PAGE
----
Last offseason, the Los Angeles Chargers' new staff repeatedly talked about how Mike Williams would be a focal point of the offense -- the Michael Thomas of Joe Lombardi's scheme, if you will. Sometimes offseason chatter like that can turn out hollow. Not in Williams' case.
The receiver went out had had the best season of his career, earning 1,146 yards and nine touchdowns on 76 catches (nearly doubling his previous career-high in receptions). In his first season in the scheme, Williams proved he could be more than just an occasional deep threat.
"That was what [head] coach [Brandon] Staley and the group wanted me to do: showcase everything that I can do in my game -- the short routes -- getting the ball in my hands in space and making plays happen with my legs," Williams said Wednesday, via the team's official transcript. "That's kind of what the group wanted me to do. They wanted me to be a playmaker, and I was able to showcase that."
This week, the Chargers ensured Williams would be around for more than just 2022. In the process, they paid the wideout like one of the top pass catchers in the NFL on a three-year, $60 million deal. The $20 million per year (just a shade under Keenan Allen's $20.025 million) placed Williams as the fifth-highest paid wideout in the NFL.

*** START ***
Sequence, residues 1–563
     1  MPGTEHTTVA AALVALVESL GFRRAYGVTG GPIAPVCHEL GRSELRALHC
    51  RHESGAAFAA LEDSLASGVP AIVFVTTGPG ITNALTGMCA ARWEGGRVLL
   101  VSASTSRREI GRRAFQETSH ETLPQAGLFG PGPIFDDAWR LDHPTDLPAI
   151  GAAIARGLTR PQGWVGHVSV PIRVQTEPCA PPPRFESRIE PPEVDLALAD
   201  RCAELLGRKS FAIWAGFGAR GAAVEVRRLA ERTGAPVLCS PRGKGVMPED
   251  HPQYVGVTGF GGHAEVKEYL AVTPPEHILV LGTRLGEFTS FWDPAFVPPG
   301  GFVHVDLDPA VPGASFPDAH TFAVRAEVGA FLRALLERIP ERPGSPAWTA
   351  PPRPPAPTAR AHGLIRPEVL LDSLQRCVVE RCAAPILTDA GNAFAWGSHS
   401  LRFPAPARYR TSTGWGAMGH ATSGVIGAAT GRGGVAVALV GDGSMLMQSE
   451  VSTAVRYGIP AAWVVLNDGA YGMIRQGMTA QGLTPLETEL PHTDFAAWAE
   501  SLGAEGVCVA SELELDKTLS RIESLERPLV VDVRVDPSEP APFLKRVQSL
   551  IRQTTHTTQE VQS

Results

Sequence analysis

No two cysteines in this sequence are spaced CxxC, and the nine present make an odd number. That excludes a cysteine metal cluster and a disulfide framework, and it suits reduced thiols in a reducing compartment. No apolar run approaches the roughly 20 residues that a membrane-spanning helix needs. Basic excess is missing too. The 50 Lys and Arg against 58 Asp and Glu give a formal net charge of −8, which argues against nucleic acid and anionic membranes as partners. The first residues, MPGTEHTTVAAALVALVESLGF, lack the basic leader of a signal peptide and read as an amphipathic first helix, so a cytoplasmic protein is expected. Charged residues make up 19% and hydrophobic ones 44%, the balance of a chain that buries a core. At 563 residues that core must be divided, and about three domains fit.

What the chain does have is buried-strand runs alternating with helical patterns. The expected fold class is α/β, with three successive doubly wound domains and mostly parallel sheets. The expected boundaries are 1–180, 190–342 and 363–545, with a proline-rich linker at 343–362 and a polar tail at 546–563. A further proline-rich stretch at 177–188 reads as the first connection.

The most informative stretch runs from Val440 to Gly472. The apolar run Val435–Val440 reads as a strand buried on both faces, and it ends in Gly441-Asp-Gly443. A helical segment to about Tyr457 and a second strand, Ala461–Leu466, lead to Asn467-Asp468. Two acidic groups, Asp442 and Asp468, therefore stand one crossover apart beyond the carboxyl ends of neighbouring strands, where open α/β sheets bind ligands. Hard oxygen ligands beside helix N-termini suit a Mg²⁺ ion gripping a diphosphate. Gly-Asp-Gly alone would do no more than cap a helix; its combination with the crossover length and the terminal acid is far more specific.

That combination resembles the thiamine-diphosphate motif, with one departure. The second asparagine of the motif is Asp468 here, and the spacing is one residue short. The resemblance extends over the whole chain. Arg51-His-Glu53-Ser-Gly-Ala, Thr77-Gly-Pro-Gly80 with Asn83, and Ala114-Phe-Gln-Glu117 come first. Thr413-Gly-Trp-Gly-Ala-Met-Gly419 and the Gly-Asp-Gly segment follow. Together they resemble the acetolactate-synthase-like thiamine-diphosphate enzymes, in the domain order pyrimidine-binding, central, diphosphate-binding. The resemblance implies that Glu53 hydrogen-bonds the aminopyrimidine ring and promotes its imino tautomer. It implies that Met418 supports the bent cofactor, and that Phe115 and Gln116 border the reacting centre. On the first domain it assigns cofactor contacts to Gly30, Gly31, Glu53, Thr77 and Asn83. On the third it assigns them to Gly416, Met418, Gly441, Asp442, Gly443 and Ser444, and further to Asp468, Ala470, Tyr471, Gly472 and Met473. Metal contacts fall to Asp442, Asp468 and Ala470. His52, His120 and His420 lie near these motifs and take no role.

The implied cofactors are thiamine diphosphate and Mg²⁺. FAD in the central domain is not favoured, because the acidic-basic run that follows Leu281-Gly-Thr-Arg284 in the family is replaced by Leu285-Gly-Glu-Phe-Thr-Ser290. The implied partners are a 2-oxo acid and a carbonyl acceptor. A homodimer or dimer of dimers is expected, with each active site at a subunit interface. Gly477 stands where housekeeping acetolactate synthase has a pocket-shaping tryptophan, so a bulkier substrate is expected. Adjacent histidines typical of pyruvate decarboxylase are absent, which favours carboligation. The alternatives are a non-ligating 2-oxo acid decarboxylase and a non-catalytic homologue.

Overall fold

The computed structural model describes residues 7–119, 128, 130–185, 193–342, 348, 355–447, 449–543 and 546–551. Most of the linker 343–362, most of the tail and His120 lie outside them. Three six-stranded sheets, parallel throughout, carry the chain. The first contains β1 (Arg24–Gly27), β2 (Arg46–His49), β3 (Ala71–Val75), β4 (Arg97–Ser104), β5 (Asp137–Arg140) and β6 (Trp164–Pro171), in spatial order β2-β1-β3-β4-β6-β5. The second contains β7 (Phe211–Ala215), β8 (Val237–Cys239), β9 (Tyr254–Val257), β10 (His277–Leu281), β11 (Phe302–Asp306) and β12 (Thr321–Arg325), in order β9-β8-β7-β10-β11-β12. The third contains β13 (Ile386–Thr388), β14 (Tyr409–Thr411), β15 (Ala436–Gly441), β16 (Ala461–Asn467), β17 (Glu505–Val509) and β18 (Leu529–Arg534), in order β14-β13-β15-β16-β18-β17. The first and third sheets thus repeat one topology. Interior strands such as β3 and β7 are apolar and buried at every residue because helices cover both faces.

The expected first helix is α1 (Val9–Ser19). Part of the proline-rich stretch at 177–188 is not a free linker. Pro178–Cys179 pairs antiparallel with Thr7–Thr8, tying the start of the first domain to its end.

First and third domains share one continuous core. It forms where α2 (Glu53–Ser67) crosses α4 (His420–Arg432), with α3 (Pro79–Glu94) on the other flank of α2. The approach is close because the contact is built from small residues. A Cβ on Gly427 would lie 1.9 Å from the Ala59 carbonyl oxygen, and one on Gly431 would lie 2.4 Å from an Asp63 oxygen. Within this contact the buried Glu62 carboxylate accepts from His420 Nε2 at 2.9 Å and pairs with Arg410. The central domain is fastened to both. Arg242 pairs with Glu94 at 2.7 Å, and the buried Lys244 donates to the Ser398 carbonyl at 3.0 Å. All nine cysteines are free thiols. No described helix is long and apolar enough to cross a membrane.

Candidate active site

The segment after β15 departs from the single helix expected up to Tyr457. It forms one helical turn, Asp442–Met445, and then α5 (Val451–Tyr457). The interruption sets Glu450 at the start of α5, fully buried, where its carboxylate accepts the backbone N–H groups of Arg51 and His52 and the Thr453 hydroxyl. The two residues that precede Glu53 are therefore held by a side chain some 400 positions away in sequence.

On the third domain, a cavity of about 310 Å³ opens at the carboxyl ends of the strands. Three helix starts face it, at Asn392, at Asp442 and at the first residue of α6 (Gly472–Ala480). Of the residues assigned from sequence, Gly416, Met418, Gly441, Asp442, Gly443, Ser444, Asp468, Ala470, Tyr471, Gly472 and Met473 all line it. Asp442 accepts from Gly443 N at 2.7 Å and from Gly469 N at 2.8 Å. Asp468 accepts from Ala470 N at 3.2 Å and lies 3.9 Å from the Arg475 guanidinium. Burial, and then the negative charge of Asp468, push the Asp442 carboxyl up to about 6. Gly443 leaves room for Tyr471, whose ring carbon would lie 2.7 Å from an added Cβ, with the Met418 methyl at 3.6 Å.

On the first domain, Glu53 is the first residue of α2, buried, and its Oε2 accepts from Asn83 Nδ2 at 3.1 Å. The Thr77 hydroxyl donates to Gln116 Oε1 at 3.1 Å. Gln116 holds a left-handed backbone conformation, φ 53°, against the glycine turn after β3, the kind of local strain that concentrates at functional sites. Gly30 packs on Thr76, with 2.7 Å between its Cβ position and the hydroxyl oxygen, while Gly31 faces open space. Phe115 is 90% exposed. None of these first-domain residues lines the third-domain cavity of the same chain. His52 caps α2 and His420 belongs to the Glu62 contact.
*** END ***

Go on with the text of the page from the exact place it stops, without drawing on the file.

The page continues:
The minutia of Williams' contract is even stronger for the wideout. NFL Network's Tom Pelissero added that the pact includes a $21 million signing bonus and $40 million guaranteed over the first two years. And a $3 million roster bonus on the third day of the new league year triggers the final season -- meaning the club can't drag their feet if they intend to move on after just two seasons. Perhaps even better, Williams will be set to hit the free-agent market at the end of the deal at the age of 30.
Williams proved he could be a difference-maker in L.A. and is the perfect complement to Justin Herbert's big arm.
Williams had six games with 80-plus receiving yards and one-plus receiving TDs in 2021 -- tying him with the second-most in such games with Davante Adams (behind only Cooper Kupp, 11). Williams had four TD catches of 40-plus yards in 2021 (tied second-most in NFL with Tyler Lockett and Deebo Samuel behind only Ja'Marr Chase, six).
Despite enjoying a career year that earned him a fat new contract, Williams believes he still has room to grow.
"Every offseason, I try to get better at every part of my game; blocking, routes, catching the ball, get better at everything," he said. "… I can be a little bit better, though -- a lot better. Let's unleash it next year. Let's get it."